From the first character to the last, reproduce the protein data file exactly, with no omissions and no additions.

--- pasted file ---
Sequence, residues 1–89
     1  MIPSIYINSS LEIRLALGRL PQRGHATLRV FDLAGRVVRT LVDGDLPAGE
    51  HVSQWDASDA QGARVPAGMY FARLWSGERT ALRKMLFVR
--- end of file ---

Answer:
Sequence, residues 1–89
     1  MIPSIYINSS LEIRLALGRL PQRGHATLRV FDLAGRVVRT LVDGDLPAGE
    51  HVSQWDASDA QGARVPAGMY FARLWSGERT ALRKMLFVR